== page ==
PUTTING IS EASY

“Drive for show. Putt for dough” , an old truism. Making putts can make up for a lot of bad long shots.

Putts are the most important shots in the game, and the easiest to improve. 2-putting a green is playing 1/2 the hole in par. Get your long putt close and get your short putt in.

OK! I get it! But how do you get down in 2 putts regularly?

First, I have a game. I call it Solitaire. It’s simple. Go to the putting green with 5 balls and 4 tees. Set the tees in a line, 3, 4, 5, and 6 feet from a hole. The standard putter is about 3 feet long. Lay it on the ground at a hole to measure 3′, and stick a tee in the green. Then do it again to get 6′. Then estimate 4′ and 5′. Putt 5 in a row or 9 out of 10 into the hole from 3′ and 4′. Then 5 in a row or 8 of 10 from 5′ and 6′. If you miss from 4, 5, or 6, feet, start again from 3 feet. And don’t leave until you’ve met your goal from all 4 positions in one string.

That’s how to learn to make the short putts.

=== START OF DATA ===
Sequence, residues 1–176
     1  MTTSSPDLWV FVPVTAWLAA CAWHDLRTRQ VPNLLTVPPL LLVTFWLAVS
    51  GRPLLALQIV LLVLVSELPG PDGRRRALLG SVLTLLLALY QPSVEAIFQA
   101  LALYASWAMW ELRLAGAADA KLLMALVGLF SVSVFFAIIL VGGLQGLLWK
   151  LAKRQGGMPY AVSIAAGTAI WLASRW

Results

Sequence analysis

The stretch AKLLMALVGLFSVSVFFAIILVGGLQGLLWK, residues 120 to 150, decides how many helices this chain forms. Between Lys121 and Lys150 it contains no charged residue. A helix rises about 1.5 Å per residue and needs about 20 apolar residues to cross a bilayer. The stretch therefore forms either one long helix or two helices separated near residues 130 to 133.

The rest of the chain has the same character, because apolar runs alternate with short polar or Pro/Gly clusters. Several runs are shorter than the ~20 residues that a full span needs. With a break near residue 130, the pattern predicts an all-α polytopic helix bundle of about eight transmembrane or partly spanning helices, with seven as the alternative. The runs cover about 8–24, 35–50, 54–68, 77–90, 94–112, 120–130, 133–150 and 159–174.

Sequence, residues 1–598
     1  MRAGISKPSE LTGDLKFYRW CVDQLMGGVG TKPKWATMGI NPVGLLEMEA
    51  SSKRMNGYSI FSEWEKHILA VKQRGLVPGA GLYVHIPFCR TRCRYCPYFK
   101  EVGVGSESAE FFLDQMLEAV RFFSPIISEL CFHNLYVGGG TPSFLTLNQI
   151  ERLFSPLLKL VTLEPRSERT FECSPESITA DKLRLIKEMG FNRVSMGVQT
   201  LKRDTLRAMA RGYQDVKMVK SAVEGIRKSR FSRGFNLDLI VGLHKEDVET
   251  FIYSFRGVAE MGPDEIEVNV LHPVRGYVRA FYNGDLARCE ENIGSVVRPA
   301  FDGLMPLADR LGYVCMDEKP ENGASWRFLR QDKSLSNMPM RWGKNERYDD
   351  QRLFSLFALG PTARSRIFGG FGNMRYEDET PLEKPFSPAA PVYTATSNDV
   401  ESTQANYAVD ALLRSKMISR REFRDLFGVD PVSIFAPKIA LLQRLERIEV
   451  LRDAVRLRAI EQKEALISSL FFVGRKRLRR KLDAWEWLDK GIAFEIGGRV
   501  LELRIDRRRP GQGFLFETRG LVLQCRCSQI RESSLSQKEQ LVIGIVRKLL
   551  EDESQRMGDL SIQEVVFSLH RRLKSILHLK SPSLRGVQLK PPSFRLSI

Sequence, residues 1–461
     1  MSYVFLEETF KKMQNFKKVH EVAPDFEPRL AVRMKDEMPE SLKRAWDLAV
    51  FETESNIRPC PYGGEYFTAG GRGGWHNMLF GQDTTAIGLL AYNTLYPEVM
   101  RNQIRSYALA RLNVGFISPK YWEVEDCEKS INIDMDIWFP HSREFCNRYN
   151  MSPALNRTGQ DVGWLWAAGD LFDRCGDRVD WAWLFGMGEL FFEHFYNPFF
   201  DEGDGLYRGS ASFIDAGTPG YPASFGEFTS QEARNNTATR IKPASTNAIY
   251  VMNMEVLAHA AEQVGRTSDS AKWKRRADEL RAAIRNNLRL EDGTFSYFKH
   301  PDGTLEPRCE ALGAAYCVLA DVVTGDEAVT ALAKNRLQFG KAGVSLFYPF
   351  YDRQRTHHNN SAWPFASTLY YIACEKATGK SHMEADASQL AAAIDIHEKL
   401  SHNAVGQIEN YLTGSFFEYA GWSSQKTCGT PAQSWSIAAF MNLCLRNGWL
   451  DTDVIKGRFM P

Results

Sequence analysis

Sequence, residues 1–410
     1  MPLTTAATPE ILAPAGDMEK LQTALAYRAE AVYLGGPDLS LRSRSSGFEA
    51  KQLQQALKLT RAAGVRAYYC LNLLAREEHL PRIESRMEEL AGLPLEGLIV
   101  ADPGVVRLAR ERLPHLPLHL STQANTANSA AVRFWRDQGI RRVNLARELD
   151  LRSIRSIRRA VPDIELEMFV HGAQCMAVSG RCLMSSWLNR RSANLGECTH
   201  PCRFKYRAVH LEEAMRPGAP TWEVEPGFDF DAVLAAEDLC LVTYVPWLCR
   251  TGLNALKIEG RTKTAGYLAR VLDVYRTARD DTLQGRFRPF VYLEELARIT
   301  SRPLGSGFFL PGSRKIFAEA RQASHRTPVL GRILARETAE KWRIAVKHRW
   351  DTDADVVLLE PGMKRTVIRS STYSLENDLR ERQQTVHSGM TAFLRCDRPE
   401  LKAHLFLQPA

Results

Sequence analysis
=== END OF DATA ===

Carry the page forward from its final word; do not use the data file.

For  getting the long putts close to the hole, go to the golf course early. Take three balls to the putting green. Putt them back and forth between two holes that are 20 to 25 feet apart. Don’t worry about sinking these putts, just try to get them close to your target hole. After about a dozen putts, you should have the feel for how hard to hit the ball to put it close from that distance.

When you get on the course, let your brain automatically judge how hard to hit the ball on all putts from 10 to 40 feet. It will do this surprisingly well, at least to put you within a couple of feet of the hole or better. Then use the skills learned at Solitaire to putt those short putts into the hole.

Finally, on putts longer than 40 feet, set yourself up halfway to the hole, and take a couple of practice strokes swinging with the tempo you’d use from that halfway distance. Then  go back to your ball and take a couple of practice strokes at twice that tempo. Then putt the ball. This is a good way to estimate how hard to hit the ball.

And remember, in putting, line is important, but distance is more important!

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